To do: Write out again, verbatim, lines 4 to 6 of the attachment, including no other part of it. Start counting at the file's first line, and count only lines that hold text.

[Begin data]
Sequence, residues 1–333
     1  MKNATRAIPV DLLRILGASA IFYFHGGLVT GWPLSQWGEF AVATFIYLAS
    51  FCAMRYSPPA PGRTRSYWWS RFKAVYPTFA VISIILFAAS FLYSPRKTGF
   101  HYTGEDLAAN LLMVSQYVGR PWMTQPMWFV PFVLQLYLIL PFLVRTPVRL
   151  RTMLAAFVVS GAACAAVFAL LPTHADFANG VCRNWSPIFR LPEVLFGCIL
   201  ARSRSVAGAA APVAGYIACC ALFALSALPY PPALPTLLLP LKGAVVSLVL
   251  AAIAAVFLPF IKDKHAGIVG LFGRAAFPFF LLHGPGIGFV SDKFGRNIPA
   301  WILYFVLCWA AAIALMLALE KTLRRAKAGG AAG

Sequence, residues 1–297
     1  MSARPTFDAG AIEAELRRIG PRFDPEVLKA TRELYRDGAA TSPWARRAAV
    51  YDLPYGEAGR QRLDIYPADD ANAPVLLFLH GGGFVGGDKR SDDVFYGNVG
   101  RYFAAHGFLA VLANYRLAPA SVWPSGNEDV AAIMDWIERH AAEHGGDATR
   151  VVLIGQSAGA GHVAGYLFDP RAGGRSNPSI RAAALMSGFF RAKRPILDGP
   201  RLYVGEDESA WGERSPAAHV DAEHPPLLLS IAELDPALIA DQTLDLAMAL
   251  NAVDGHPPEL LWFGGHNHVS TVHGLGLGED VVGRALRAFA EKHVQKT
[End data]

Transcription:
   101  HYTGEDLAAN LLMVSQYVGR PWMTQPMWFV PFVLQLYLIL PFLVRTPVRL
   151  RTMLAAFVVS GAACAAVFAL LPTHADFANG VCRNWSPIFR LPEVLFGCIL
   201  ARSRSVAGAA APVAGYIACC ALFALSALPY PPALPTLLLP LKGAVVSLVL